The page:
Cardiff RFC Season Review 1927 - 1928

1927—28. P43, W21, L20, D2, points 459—343

THE “WARATAHS”—NEW SOUTH WALES—ARRIVE


ONE OF THEIR PLAYERS “SENT OFF”. BROADCASTING TURNED DOWN


B. R. Turnbull was elected club captain and B. 0. Male our full-beck vice-captain, but no permanent captain was appointed for the other side “—the Second (1st) Fifteen. The First (1st) Fifteen record as segregated by me was, Lou Turnbull, educated at Downside, was a very popular captain, and one of six brothers who played for Cardiff. A straight running centre who passed the ball well, he made” many tries and coupled the basic Rugby traits with an impeccable defence. He gained a Blue” at Cambridge and played six times for Wales.

Turnbull’s season was not overblessed with successes. The burden of meeting two first class clubs on the same day was proving that Cardiff’s experiment in operating two first class teams was rather unlikely to succeed, In late March and April of the season we lost eight matches in a row, Penarth (A), Llanelly and Maesteg on the same day, Swansea (A), Barbarians (H) and Tredegar on the same day, Harlequins (H) and Torquay (A) on the same day. A drawn match at home with Pill Harriers was followed by three more defeats at the hands of Neath (A), Northampton (A) and to Weston (A). It was very chastening to lose all four matches with Llanelly, a feat never to be performed by Cardiff with this club, but we were very successful with our greatest rivals Newport over whom we triumphed with three wins and a draw, we held our own against Swansea, honours being even with two victories each. Surprisingly we lost to the Watsonians (H) in December, and to our popular friends the Barbarians in April. One of our good performances was the scoring of a double over Coventry. Eight matches were cancelled owing to bad weather conditions—perhaps a statistical blessing.

But the tit-bit of the season was the visit of the Waratahs on 3rd December. They came with the splendid record of but one defeat—to Oxford University by three points to nil— in 20 games, beating Ireland and Wales in the process. The tourists had some splendid Rugby players in their party. Their captain, A. C. Wallace, was a world class wing, a Rhodes Scholar who was an Oxford Blue and Scottish international : Tommy Lawton a brilliant stand-off half, another Rhodes Scholar who, in England, had played for Blackheath; Dr. W. B. J. Sheehan a centre of wide experience for the Waratahs, particularly against New Zealand : Most of the forwards were top New South Wales players of experience, including K. Tarleton, Edwin Thorn, A. N. Finlay and E. N. Greatorex. Their manager was E. Gordon Shaw who had played against a British team in 1908. The Waratahs proved to be much the better team and ran out winners by 15 points to nine from two penalty goals by Ossie Male our full-back and a try from Roy Gabe-Jones, out-half. It was regrettable that one of the visitors was “sent off” the field, he was one of their forwards J. Ford; the incident was perhaps forgotten on the following Monday evening when the club held a Ball at the City Hall—dancing 8 till 2—in honour of the tourists. But how remarkable is the fact that on the only other visit by Australia, in 1908—09, the forward A. B. Burge was sent off in the Cardiff game. Two visits, two sensations.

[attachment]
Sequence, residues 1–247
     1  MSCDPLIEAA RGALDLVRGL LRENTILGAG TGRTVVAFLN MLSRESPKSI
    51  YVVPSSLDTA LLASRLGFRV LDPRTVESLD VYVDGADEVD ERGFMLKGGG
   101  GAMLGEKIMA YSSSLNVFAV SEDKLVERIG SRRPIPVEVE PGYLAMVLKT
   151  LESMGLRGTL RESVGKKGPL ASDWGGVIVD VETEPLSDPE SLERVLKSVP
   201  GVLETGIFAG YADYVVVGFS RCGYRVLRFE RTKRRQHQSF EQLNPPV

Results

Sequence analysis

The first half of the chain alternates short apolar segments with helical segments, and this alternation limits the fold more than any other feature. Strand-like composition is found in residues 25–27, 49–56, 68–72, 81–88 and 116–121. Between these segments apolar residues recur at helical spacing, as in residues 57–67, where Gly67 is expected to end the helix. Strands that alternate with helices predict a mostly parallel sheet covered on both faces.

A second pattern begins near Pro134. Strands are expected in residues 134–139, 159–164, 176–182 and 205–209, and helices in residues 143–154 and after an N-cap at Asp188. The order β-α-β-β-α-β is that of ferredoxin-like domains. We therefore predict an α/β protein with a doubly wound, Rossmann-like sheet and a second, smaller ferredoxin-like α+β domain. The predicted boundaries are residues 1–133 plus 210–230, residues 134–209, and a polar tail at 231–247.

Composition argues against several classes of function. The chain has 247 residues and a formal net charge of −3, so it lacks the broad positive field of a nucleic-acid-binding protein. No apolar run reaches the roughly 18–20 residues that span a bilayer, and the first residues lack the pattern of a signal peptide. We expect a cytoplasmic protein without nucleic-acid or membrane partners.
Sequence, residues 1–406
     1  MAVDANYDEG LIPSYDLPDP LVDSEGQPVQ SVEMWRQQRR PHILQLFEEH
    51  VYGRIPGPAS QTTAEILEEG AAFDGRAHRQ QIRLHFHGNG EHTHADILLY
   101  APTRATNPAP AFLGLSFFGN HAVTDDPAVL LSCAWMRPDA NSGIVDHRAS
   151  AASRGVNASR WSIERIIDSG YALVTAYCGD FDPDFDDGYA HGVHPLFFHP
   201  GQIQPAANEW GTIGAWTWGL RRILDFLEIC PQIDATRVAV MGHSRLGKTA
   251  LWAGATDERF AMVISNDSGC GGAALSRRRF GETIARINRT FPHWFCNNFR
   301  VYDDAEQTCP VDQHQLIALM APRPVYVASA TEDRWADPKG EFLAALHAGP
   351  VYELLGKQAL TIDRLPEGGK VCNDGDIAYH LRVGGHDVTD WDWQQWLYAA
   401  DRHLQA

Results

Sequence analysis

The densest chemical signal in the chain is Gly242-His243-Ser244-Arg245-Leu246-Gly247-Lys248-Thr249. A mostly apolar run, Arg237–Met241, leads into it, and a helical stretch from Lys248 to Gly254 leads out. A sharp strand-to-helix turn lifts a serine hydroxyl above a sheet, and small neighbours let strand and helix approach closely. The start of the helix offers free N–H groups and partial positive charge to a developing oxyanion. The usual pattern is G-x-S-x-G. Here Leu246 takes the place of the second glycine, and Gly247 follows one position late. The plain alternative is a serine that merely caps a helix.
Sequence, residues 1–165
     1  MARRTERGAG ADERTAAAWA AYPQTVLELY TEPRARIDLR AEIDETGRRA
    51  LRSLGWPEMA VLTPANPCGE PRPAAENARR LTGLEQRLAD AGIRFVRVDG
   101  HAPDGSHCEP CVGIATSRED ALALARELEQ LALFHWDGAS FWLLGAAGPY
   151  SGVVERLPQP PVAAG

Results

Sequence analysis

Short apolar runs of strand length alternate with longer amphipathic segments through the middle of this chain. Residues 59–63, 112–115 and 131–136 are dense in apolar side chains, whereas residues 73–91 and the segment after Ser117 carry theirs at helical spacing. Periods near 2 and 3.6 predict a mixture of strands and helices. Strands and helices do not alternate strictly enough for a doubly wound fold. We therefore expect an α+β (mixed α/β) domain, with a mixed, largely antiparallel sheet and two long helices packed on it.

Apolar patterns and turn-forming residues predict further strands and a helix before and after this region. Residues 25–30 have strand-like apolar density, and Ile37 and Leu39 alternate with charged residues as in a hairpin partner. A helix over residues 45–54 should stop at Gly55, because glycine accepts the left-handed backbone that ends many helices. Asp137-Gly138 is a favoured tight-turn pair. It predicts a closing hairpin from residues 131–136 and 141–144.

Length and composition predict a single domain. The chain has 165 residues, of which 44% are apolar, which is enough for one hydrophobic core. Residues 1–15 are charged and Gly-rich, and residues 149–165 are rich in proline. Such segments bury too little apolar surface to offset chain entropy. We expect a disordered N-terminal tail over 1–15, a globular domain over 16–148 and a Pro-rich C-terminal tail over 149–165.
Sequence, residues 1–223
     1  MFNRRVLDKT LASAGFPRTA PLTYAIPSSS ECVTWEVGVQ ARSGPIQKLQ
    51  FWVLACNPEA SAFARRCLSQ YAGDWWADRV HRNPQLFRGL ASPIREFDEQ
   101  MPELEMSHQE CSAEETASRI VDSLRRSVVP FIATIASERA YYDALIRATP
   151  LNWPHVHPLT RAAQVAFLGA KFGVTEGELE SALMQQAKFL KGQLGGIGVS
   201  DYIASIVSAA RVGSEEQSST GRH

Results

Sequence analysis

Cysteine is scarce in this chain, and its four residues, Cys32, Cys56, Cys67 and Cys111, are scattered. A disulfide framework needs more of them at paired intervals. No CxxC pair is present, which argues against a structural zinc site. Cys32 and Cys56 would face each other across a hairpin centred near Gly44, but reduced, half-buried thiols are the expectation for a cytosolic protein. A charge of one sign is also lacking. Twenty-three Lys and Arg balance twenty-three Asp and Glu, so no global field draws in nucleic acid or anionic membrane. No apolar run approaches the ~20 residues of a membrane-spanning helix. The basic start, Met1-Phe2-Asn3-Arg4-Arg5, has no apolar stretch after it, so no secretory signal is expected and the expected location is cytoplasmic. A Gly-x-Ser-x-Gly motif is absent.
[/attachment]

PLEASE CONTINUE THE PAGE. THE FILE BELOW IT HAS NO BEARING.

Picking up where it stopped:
E. Gwyn Davies our wing, R. A. Cornish and B. R. Turnbull were the top try scorers and our fullback Ossie Male kicked the most goals. The following played in more than fifteen matches with the First (1st) XV and would have qualified for a cap unless granted one for 1926—27 for playing a requisite number with both teams: Tom Burns, Norman Fender, Graham Jones, Howard Poole, Roy Gabe Jones and T. M. Williams. The Second (1st) XV under floating captains Played 29. Won 13, Lost 12 and Drew 4 with 236 points scored to 196. Their best successes were the wins over U.C.S. Old Boys (Hendon), Weston, Skewen, Cheltenham, Cross Keys. Exeter, Penarth and Edgware, eight in succession up to the 29th October. The end of the season showed up some weaknesses as we lost in succession to Maesteg and Torquay, drew with Pill Harriers, losing also to Tredegar, Neath and Weston. Amongst the low scorers Dai Davies, a former supporters youth player was top with eight tries, and four came from Roy Gabe-Jones. Our Supporters XV was beginning to supply some good talent to the premier teams.

Items of interest from minutes traced were : the BBC’s application to broadcast club matches turned down; so was also an application from Storey Evans & Co to issue a k on the club’s history. The club’s home expenses for the Bridgend fixture totalled 13.10. Marshalls the caterers supplied our after-match teas of grills and chips and sweets /- per head, with 2d per cup for teas, bread and butter included. The club applied for 50 Wales v. Ireland international tickets, the W.R.U. granted 700. At the Cardiff v. Swansea match on 29th October 1927, one of the club’s most able administrators, Mr.
J. Spiller, collapsed in the committee box and died. I remember him well as a most excellent chairman of committee, including those of the Athletic Club. At the annual general meeting, the club’s M.O., Dr. W. G. Williams, proposed that a permanent captain appointed for the Other Team. This was later adopted by the committee with effect n 1928—29.

Latest News